Woolhat

I have to admit I came to this quite late (as in, not in the 60s), and primarily under the influence of two friends in particular- as vastly different as they may be.

One of them remembers watching Monkees reruns in the 70s as a young child, and then again in the 80s on MuchMusic.  As a mere infant, she learned the lyrics to every song off the four albums she inherited from her aunt, the way some children today learn the songs of the Wiggles (or whoever else may be top of the toddler pops at the mo’).  She wanted to marry Mike and have Davy, Micky and Peter be her older brothers.  Much older- in that they were more or less contemporaries of her parents.

I have to admit that when I watch those old episodes (both seasons conveniently available on DVD) it is impossible not to imagine that they have been frozen in time as those four young musicians trying so incredibly hard to make it in the business as they lived in their beach ‘pad’ and ran into weekly difficulties with international royalty, criminals and spies.  And monsters.  And even the Devil, once.

For all their detractors- and there were many- there was an innocence and ‘niceness’ to the whole Monkees thing that the cynical music press made much of yet which ignored the fact that these four guys made some pretty awesome music together.  And they were funny and remain endlessly endearing.

The only real pain they caused their fans came with the untimely death of Davy Jones a little over a year ago- and that was hardly something for which they can be blamed.

In a poignant twist, that very sad leap year day back in February 2012 started something pretty wonderful.  The Monkees toured again.  First together, then Michael on his own and now, this summer, together again.

This turn of events has demonstrated their talent and longevity- both individually and collectively- and has started people talking about them again.  In an interview with Rolling Stone, Papa Nez talks about all the rumours and stories and myths about them not playing their own instruments in his singular style.

The second source of influence that brought them all into my permanent awareness was an older friend (older as in the time I’ve known him and in chronological years) who discovered Michael Nesmith and then the Monkees way back in the 60s when they first popped onto the pop cultural radar.

This friend can, and does, wax very poetic about his long-term admiration for Michael Nesmith, and we have had years of conversations about all that he has contributed to culture- popular and otherwise- over the past 50+ years.

In addition to the music- his solo stuff, the First National Band, the songs he wrote for other artists and etc.- Nez is responsible for the invention of MTV (when it actually played actual music), the producer of such cult classic films as Repo Man, the author of novels, an early interworld innovator and overall supporter of art and artists.

The Gihon Foundation- established by his mother, Bette Nesmith Graham, the inventor of Liquid Paper- was formed to provide private philanthropic support of the performing arts.  As President and Trustee of the Foundation, Michael gathered intellectuals from a diversity of fields to identify and address the important issues of the day.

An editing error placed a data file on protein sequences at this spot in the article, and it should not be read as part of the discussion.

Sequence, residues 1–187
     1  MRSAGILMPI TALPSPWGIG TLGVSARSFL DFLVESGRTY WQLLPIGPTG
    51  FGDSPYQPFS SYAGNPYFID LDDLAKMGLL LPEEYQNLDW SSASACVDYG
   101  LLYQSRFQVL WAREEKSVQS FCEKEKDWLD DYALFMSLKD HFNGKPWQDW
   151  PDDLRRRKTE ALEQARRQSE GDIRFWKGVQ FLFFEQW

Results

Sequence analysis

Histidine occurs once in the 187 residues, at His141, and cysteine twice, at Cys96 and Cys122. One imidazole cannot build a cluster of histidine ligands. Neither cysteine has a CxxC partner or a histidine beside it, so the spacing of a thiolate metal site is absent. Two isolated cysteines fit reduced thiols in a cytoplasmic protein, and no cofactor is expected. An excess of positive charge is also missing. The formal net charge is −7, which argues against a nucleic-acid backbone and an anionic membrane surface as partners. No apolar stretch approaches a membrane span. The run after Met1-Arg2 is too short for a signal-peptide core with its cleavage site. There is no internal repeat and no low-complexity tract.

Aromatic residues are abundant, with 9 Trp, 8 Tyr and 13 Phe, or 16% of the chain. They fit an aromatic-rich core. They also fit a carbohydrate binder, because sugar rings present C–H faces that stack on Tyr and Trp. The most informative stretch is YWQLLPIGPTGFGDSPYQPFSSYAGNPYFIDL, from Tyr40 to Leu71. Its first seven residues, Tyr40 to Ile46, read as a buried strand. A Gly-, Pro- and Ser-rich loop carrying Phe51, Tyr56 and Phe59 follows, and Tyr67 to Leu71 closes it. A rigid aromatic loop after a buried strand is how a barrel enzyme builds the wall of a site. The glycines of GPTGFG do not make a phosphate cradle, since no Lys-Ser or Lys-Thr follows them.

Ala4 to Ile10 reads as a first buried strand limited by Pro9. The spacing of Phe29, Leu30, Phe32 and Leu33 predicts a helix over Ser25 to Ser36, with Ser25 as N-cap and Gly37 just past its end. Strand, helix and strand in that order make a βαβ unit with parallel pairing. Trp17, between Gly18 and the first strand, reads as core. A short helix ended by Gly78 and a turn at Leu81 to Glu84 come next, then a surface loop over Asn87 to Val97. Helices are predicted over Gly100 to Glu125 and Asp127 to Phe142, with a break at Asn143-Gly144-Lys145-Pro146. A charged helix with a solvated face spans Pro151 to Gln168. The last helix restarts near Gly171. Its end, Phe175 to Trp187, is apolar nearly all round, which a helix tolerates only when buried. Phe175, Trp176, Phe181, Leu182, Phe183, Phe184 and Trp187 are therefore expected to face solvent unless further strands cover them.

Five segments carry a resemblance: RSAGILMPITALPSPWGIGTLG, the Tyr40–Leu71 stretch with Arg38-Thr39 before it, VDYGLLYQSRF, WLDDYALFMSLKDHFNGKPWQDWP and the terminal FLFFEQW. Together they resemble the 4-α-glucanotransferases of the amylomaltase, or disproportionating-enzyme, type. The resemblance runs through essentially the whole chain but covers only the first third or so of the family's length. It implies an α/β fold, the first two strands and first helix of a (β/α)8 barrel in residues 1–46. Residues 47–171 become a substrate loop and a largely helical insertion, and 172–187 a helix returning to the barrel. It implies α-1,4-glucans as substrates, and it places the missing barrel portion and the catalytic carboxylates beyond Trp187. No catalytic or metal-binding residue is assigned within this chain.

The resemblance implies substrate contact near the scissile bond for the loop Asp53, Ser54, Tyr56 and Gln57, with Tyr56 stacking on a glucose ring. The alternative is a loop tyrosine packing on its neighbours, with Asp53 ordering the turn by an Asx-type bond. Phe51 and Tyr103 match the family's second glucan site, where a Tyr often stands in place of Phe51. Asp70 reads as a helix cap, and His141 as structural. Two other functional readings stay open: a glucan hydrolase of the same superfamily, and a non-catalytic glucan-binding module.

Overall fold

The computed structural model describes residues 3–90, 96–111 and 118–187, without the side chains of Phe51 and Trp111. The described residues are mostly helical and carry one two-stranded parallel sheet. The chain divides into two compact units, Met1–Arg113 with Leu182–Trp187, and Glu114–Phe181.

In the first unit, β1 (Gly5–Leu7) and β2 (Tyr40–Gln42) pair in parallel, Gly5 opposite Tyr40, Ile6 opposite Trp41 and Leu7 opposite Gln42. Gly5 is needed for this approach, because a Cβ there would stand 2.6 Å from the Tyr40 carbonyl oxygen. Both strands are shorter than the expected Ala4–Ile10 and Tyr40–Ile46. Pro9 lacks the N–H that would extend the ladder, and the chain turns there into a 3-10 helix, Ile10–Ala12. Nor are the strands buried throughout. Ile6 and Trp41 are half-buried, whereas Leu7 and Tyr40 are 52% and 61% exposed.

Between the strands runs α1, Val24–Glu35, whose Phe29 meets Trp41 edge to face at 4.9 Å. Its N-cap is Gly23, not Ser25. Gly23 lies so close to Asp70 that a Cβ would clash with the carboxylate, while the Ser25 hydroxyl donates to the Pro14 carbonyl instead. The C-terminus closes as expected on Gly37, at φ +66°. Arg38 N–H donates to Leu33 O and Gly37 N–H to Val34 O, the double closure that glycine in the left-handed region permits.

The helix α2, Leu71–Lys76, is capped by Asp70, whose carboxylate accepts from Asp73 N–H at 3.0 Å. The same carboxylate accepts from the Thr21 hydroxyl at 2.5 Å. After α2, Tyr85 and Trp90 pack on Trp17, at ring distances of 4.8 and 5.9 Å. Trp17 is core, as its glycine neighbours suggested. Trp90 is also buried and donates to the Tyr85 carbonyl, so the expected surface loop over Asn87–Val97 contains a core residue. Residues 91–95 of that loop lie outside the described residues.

His first novel, The Long Sandy Hair of Neftoon Zamora- which I came across quite by accident in a bookstore shortly after it was released in 1998- confused me more than a little the first time I read it.

When I reread it, for the first time, I realized that Nez was playing with the mythology of the American Southwest in a very all-encompassing way.  There is magic, music and myth all rolled up in a seemingly autobiographical love story that takes us across worlds and realities.

Each subsequent reading brings to light more and more of its sense of wonder and lyric adventure as it plays with mythological concepts and characters.  Neftoon, and his second novel The American Gene (which is available as an online download from his website http://www.videoranch.com) demonstrate the extent of his prowess as an artistic innovator.

Now in his 70s, Michael has just finished a solo tour and is preparing to head out again with Peter Tork and Micky Dolenz this summer (I’m very much hoping that they come up our way- something I’d so like to see).  He contributes wonderful occasional blog posts on his Facebook page- keeping those of us who love him up to date on his domestic and musical doings and apprising us of how things are going with his dog, Dale.

The world could use more creators like Michael Nesmith- an artist who recognizes the real value of art, music and story and who is willing to push the envelope and create new forms and formats to allow for the expression of human creativity in all its manifestations.

It’s almost Friday.  It’s been a rough week and I’m looking forward to the weekend.  What better way to set it all up than with four of my favourite guys singing a little ditty (in mixed meter, partially- 5/4 time), written by one of my real heroes, while settling in to read (yet again) a mythic tale of captivating voices and how they can lead us into journeys of self-discovery?

Thanks Papa Nez.

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22 comments on “Woolhat

  1. Grumble Girl says:

    I love that song so hard… I love them all. I, too, watched the show during the wee hours of the morning in the 70’s and I was ALL OVER THEM for the second rehashing on Much Music during the 80’s. Love. BIG LOVE.

    Taking a trip down Nostalgia Road does so much for self-discovery… no matter how old you get, I should think. Lovely post!!

  2. colemining says:

    They are all so… good… for lack of a better term. Michael has done so much for the arts and popular culture- all without fanfare or self-aggrandizing. SO many lessons can be learned from the man. Class all the way. What better way to interject a little wonder in a day than 2 minutes spent with the Monkees?

    Thanks for reading!

  3. […] the iPod was tapped into the fact that I had just been thinking about story and song, and Papa Nez, because the first song to come up was a country/southern-rock […]

  4. […] for a while.  Michael Nesmith (my favourite Monkee, media mentor and mastermind), as mentioned here, pioneered the format in the US in the late 70s, and bands like the Boomtown Rats had been making […]